Spotify has officially acknowledged a curious phenomenon that’s manifested itself recently across the streaming music service’s platform. Fake artists and bands with strange names — and practically no Internet presence at all — have been showing up on legitimate Spotify user playlists. And, presumably, getting legitimate streaming revenue when their fake songs get played.
The bands that are putting a digital, streaming spin on that old bit of wisdom about faking it till you make it include acts like Bergenulo Five, DJ Bruej and Bratte Night. A BBC investigation found that the Bergenulo Five had racked up almost 60,000 track streams, and there seems to be a common thread with so-called “mysterycore” bands like these — songs that have basically no lyrics, minimalist song titles and barebones cover art.
From that BBC report: “Interestingly, the bands … have little to no presence on the rest of the internet. At a time when social media plays a crucial role in connecting musicians and audiences, these artists have no fan pages, no concert listings, social media accounts or even photos of the actual musicians.
“But somehow these mystery artists and a host of similar acts have snuck into people’s Spotify listening playlists, in some cases racking up thousands of listens and prompting a number of users to speculate that their accounts had been hacked.”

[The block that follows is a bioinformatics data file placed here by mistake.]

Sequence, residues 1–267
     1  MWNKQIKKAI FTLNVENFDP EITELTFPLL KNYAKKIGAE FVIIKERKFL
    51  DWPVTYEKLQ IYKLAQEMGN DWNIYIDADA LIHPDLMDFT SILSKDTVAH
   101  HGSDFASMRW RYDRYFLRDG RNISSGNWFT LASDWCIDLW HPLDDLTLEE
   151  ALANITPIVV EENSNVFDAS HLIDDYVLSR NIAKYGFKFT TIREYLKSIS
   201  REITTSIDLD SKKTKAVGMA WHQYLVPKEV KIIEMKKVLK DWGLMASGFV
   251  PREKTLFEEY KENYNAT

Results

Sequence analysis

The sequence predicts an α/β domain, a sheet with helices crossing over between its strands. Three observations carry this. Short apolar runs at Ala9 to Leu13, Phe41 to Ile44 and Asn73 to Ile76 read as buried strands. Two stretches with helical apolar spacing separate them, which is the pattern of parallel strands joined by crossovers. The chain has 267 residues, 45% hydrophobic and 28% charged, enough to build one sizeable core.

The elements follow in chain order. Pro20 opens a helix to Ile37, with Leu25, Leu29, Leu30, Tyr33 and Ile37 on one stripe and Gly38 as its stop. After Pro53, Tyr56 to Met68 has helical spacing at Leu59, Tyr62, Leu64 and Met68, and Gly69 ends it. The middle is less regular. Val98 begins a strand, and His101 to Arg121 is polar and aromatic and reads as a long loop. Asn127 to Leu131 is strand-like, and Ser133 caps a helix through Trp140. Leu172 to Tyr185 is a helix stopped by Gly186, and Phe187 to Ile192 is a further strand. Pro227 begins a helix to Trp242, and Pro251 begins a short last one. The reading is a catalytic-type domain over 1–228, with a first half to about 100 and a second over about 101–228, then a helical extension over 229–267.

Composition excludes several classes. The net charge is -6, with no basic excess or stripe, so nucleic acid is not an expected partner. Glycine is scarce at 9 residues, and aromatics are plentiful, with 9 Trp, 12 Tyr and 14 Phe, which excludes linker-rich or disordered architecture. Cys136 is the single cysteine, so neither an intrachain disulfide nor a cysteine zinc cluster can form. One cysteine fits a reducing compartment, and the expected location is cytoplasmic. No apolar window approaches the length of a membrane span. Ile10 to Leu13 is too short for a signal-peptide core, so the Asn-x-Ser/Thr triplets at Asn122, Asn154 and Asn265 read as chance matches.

Spotify has released a statement that doesn’t reveal a whole lot. It just acknowledges the presence of “abnormal streaming activity” from artists who’ve been removed. “We take the artificial manipulation of streaming activity on our service extremely seriously,” the company said in a statement released to the BBC. “Spotify has multiple detection measures in place monitoring consumption on the service to detect, investigate and deal with such activity.
“These artists were removed because we detected abnormal streaming activity in relation to their content.”
One analyst told the BBC the Bergenulo Five could have made as much as $600 from 60,000 streams of their music. The band initially had just two albums posted on Spotify, titled Sunshine Here and Hit It Now. The cover art featured the album title written in black and overlaid on top of a single color, and both albums included more than 40 songs — all of them just a minute or two long, with no verses and one-word titles like Awake and Winter.
Other Spotify “mysterycore” artists that have since disappeared included the oddly named Cappisko, Hundra Ao and Funkena.